By Ian Busby
Finally, a Grey Cup halftime performer ‘Any Man of Mine’ can agree is a great choice. There are still probably those who say ‘That Don’t Impress Me Much’ but those people can just don’t understand what the CFL needs to do with this year’s Grey Cup.
First off, with the game in Ottawa, a Canadian star was absolutely required to appease those who simply believe it must be a homegrown talent to do the halftime show that always seems to draw scrutiny.
You pay for a football game and get a free mini-concert, and considering how much Canadians were shelling out to see Shania Twain during her Las Vegas run a few years ago, this should be great value for those in attendance.
With the 150th birthday being celebrated in Ottawa at the end of November, getting a product of Timmins, Ont., someone beloved around the world who has sold 85 million records and is making a comeback with a new album — this is a no-brainer.
Kudos for the CFL for landing her. Kudos for Shania for being part of what should be a great festival this year.
Hopefully the game lives up to the amount of attention it will garner.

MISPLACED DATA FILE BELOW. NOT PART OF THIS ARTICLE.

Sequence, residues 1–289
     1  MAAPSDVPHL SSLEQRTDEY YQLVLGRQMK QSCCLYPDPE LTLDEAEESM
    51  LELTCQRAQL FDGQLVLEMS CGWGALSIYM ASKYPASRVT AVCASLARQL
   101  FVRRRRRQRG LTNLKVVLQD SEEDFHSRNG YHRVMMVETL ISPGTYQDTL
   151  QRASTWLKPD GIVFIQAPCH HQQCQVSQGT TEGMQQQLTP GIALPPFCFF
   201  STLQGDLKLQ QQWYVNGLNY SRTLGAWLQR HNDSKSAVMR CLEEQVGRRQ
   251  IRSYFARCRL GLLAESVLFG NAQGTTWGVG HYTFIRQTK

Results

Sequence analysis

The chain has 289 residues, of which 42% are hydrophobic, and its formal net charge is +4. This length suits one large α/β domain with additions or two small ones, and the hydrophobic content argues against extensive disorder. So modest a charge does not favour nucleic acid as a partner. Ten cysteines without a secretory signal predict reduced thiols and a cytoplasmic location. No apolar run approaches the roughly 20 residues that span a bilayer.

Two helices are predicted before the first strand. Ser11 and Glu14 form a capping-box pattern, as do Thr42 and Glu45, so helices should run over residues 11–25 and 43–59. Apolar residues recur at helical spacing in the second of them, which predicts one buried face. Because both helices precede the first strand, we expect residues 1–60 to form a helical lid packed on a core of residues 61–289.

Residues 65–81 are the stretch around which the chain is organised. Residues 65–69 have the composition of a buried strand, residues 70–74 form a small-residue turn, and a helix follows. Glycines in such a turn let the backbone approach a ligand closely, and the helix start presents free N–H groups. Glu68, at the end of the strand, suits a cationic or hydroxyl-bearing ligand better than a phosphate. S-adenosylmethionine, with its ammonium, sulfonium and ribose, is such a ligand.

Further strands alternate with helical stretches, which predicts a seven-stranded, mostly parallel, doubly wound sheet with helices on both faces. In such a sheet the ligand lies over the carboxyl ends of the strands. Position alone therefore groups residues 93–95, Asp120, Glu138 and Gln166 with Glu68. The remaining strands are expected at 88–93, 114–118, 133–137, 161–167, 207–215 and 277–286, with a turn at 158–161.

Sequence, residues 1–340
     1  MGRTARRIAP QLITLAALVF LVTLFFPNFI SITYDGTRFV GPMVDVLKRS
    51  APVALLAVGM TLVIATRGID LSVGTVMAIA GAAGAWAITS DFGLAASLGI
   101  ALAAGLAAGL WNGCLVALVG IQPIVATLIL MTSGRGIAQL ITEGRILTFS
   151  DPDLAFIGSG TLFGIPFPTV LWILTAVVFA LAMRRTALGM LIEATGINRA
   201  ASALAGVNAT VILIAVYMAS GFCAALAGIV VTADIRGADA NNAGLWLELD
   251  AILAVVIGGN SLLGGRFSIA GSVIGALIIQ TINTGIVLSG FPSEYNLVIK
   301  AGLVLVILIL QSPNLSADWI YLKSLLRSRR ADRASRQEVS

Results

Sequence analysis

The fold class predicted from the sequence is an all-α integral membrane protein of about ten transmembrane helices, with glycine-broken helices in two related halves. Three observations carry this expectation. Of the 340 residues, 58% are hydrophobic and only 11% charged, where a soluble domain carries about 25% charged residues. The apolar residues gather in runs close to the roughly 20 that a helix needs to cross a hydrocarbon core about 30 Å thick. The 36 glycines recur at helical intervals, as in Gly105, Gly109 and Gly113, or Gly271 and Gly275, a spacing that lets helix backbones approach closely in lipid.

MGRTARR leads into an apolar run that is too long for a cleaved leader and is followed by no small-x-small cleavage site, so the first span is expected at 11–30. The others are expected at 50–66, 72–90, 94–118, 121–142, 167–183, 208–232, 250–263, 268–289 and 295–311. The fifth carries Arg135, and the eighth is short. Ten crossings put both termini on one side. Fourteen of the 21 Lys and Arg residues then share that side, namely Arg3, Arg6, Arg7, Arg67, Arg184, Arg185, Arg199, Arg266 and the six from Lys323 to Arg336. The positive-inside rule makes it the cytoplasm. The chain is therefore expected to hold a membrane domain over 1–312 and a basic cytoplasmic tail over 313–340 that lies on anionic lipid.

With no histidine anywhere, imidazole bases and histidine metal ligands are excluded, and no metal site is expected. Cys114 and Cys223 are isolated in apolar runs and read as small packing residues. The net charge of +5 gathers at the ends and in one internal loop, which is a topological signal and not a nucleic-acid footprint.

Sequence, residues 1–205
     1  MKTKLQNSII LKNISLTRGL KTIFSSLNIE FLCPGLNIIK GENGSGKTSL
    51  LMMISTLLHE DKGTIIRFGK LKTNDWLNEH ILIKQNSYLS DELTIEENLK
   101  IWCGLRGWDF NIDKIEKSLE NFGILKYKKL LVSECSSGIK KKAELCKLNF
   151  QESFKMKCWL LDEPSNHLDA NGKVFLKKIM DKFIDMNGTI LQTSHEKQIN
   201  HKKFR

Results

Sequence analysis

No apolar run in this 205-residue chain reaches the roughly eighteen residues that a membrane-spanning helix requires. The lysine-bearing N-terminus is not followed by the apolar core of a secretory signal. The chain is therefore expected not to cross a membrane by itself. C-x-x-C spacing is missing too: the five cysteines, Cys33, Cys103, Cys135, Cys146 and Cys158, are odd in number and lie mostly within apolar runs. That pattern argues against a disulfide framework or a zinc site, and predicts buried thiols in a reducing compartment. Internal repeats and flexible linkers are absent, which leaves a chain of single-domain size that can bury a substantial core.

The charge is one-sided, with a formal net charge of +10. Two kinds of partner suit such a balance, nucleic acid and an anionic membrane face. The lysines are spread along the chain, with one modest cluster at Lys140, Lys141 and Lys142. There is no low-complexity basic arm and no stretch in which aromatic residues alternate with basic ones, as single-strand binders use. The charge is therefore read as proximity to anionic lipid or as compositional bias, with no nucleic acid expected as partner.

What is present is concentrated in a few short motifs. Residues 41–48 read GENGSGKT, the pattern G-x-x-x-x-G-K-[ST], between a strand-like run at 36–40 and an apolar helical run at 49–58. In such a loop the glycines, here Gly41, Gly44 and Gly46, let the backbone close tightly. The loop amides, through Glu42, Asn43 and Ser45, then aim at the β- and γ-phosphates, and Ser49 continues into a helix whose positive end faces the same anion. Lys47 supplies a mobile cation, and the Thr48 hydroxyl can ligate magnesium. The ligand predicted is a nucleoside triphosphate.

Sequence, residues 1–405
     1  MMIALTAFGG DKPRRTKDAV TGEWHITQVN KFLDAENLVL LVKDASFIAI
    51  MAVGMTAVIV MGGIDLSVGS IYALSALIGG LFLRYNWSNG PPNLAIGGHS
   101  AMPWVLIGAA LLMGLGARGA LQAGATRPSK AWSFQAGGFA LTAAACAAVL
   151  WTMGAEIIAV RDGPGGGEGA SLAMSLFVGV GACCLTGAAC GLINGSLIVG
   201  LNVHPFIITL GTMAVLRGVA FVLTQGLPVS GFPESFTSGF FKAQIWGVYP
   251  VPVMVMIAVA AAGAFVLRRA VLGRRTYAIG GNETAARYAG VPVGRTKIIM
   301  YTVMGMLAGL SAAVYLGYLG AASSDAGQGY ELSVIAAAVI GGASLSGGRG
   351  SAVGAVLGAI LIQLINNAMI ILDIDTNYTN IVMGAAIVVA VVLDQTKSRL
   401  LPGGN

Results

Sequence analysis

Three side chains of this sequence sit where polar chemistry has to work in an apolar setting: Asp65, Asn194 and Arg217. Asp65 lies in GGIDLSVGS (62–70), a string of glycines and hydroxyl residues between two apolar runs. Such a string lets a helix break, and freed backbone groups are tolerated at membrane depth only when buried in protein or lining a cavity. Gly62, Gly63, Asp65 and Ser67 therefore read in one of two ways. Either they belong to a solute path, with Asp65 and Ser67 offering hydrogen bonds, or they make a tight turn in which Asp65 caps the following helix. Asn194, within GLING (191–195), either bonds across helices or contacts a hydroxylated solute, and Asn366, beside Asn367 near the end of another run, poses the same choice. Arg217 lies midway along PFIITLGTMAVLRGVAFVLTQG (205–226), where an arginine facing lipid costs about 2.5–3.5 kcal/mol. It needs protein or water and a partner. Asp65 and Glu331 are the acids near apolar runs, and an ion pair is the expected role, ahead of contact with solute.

But if you end up complaining about the halftime entertainment, well Shania put it best: ‘Don’t Be Stupid.’
By Josh Smith
Even if you aren’t a fan of her brand of music, which I very much am not, it is nearly impossible to say Shania Twain is not the perfect choice as a Grey Cup halftime performer.
She sings catchy, poppy songs that will get people out of their seats; she is Canadian, which to some is a must, especially with this being Canada’s sesquicentennial year; and she is about as inoffensive an artist can be. She ticks everything off the list that you want in a halftime act. She’s a four-quadrant act.
Maybe her music isn’t to your liking, or maybe you want someone younger, but as far as entertainment value and fun goes, getting Shania Twain was a home-run shot by the CFL.